Leapfrogging its competitors and some state governments, e-commerce and retail giant Amazon this week raised its minimum wage to $15 per hour for all U.S. employees — though not contract workers — effective Nov. 1.
The wage hike immediately places Amazon’s wages above competitors like Costco, which recently bumped its starting wage to $14 per hour, and Target, which is gradually raising its own minimum wage to $15 per hour by 2020. MIT Sloan experts say the company’s decision likely included a range of calculations.
Zeynep Ton, an associate professor of operations management and the founder of the Good Jobs Institute, said the move has both strategic and political business implications.
“It’s a smart move, both competitively and politically,” Ton said. “In this tight labor market, a lot of retailers are finding it difficult to attract people, especially going into the holiday season. [Outlets like] Macy’s and Target are looking to hire tens of thousands, and it’s going to be harder for them now. They’ll have to up their game, not just for the holidays but in general.”
And it will be much harder for those businesses and others who haven’t designed their operations to leverage investment in their employees to keep up with a company as massive as Amazon. They often operate on thin margins and won’t immediately see big benefits by raising pay.
“The investors are very different, and their tolerance for low profitability is much lower for general retailers than for Amazon,” Ton said. “It’ll be challenging for other companies, and I hope they start to look for ways to make their people central to their success.”
The pay boost will also position Amazon as a worker-friendly company, Ton said, and could spur others to action.
"This is a great step that Amazon is taking, and I hope they will continue to take steps to increase the productivity, contribution, and motivation of their employees," Ton said.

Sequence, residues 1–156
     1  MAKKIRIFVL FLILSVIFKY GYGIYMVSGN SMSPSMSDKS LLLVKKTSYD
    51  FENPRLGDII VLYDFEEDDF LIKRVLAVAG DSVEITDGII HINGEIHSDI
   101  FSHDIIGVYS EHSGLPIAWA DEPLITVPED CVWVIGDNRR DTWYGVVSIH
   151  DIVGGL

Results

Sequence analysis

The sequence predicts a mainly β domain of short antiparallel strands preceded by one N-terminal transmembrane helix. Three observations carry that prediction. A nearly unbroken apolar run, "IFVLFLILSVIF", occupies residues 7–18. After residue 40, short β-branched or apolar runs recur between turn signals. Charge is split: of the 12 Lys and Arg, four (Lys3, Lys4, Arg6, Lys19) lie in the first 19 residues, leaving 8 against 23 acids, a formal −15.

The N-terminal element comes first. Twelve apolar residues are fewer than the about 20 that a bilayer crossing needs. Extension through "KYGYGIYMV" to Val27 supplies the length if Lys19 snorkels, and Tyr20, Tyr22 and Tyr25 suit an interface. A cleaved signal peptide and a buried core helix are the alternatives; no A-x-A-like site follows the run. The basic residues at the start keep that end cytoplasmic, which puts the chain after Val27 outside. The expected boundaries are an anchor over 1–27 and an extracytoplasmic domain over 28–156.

Barbara Dyer, a senior lecturer at MIT Sloan and the executive director of the Good Companies, Good Jobs Initiative, said the immediacy of the move is bold and that speaks to Amazon’s confidence in its financial position.
“I think it’s momentous that they’ve decided to do it, and they’re not doing it in a phased-in way. That suggests that they can [do it], otherwise they’d have been more cautious about it,” she said.
Dyer said there are several possible reasons the company might have taken this step.
Labor politics could be a concern for the massive company, whose market value briefly passed $1 trillion last month. Raising wages could be one way to head off any potential backlash from unhappy employees. There have already been rumblings of such action among workers at Whole Foods, the grocery store chain Amazon recently acquired.
“To get in front of that and to do something bold would satisfy a lot of interests and make it more difficult to take action,” she said.
Or, Amazon may be making a strategic call to invest more in its workforce as a way to attract and retain workers and deliver higher quality services to its customers, Dyer said.
The raises are accompanied by the elimination of bonuses and stock options for employees, but they’ll still see an overall increase in earnings.
“It's likely that the decision is a result of weighing all of these factors. I'd love to think that they want to create good jobs, but that they also eliminated bonuses and stock options gives me pause," Dyer said. "Whatever the motivation, it is really important that they've done this. It is an important step and should be applauded. But let's keep it in perspective: It is tough to make ends meet at $15 per hour."